With your thumb, separate the top fibers to either side of the hook and pull the Zonker strip forward over the hook eye. Do your best to separate the rabbit fur to create an open tie-in space. I’ve found that a little bit of saliva and a good bit of cussing generally helps with this particular task. With the rabbit fur reasonable tamed, make nice, firm thread wraps to bind the Zonker strip to the top of the hook shank. Try to make these wraps one on top another. With your tying scissors, cut the excess strip off at an angle like so. Covering the butt end of the Zonker strip can be tricky as your thread is going to want to slip down toward the eye but do your best to keep this from happening.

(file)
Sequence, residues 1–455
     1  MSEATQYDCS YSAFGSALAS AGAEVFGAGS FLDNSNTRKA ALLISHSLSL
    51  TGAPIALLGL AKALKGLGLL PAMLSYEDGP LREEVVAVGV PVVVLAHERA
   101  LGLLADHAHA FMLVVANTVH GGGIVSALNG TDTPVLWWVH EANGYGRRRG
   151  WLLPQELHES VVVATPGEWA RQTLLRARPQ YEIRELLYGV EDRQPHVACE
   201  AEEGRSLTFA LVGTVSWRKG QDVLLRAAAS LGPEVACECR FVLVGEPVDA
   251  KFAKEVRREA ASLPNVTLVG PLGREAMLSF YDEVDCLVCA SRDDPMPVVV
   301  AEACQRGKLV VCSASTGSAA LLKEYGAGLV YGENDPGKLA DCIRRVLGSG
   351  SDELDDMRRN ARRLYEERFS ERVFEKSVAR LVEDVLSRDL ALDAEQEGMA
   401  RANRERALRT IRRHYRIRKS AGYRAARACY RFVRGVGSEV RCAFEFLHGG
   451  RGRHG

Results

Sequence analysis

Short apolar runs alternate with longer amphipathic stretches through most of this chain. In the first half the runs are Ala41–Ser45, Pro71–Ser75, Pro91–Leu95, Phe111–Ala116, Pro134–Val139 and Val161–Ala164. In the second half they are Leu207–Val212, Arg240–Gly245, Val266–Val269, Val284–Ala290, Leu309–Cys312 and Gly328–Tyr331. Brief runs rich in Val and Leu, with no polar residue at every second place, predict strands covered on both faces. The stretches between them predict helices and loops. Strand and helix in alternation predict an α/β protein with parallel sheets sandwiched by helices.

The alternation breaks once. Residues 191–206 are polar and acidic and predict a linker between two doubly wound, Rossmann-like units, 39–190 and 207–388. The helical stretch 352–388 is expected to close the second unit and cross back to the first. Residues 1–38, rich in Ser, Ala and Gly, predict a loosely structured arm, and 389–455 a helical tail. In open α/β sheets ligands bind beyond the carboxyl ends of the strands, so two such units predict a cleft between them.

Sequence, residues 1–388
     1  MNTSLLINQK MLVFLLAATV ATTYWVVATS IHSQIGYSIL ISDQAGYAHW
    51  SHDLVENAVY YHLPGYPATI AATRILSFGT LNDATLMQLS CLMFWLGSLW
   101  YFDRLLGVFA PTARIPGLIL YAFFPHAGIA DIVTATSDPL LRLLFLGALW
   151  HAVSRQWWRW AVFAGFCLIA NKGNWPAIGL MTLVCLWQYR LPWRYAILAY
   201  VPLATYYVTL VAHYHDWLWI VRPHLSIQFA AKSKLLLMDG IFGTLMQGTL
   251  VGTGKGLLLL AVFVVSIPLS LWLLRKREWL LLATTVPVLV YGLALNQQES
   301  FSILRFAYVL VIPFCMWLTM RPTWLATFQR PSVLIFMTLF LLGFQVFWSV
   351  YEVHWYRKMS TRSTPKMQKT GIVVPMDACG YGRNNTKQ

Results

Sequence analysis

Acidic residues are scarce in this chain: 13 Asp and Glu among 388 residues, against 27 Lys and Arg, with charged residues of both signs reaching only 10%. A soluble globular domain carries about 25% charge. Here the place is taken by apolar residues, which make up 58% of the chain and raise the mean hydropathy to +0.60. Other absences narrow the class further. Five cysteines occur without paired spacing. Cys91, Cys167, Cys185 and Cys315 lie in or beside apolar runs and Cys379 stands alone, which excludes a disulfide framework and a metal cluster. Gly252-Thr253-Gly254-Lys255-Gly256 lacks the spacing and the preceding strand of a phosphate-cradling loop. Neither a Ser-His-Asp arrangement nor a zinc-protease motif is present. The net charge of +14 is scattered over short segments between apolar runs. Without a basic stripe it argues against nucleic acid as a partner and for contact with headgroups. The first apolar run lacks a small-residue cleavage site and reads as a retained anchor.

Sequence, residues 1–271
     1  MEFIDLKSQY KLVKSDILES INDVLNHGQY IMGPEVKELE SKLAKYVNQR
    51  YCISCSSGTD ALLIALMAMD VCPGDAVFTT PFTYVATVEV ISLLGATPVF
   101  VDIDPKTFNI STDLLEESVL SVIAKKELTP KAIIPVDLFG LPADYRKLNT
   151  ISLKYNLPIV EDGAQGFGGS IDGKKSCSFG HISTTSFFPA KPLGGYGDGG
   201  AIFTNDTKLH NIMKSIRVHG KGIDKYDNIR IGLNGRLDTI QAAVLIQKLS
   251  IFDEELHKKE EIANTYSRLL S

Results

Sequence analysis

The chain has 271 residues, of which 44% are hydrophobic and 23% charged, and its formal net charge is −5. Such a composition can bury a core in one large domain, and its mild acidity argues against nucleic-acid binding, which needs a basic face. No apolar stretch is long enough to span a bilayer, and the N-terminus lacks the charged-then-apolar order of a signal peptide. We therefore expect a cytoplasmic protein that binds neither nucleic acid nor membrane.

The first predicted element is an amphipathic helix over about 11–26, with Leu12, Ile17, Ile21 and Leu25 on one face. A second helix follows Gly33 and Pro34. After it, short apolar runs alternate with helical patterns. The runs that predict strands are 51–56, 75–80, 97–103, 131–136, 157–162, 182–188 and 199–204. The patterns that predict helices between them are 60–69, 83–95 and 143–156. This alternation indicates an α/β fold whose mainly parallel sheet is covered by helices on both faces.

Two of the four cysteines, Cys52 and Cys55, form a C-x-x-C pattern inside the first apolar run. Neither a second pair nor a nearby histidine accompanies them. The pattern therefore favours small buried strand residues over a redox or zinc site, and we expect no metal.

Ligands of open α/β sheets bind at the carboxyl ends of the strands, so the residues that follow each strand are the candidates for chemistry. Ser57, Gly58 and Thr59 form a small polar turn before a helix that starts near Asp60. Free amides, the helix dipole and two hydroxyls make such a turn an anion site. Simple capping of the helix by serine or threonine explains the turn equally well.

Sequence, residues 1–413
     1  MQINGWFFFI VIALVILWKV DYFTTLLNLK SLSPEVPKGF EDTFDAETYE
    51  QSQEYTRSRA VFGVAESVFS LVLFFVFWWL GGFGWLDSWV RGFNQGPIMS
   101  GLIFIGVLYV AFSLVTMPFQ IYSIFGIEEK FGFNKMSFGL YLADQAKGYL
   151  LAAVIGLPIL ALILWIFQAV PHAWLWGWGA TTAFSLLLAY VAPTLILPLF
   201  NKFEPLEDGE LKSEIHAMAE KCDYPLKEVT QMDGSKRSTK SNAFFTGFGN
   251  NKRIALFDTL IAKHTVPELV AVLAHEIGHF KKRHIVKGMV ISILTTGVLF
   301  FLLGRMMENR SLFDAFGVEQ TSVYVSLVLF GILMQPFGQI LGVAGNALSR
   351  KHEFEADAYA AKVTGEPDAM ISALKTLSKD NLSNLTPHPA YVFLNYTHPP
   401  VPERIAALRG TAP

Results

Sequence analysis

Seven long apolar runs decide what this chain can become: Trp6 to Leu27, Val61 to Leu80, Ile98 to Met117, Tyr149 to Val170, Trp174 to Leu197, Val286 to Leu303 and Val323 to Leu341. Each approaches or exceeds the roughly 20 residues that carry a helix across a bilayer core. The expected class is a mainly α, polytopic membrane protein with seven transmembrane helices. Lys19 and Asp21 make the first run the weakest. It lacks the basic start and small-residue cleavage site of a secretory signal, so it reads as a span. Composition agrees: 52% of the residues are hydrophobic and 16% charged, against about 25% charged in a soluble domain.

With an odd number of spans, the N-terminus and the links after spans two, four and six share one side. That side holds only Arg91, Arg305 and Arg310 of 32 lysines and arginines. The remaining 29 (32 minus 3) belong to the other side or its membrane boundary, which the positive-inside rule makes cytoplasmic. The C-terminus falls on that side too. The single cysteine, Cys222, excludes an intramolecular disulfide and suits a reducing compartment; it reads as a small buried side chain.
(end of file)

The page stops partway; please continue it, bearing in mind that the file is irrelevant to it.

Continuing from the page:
When everything’s covered, stop taking wraps and do a 5 or 6 turn whip finish back by the rear edge of the head. You can then snip or cut your tying thread free.
Although you can use head cement, I’m once again going to use UV cure resin because it rapidly builds a nice shiny head on the fly which is dry to the touch in mere seconds. And that’s a Pearl Zonker; think early season, high water and maybe a sink tip line. Then hang on tight.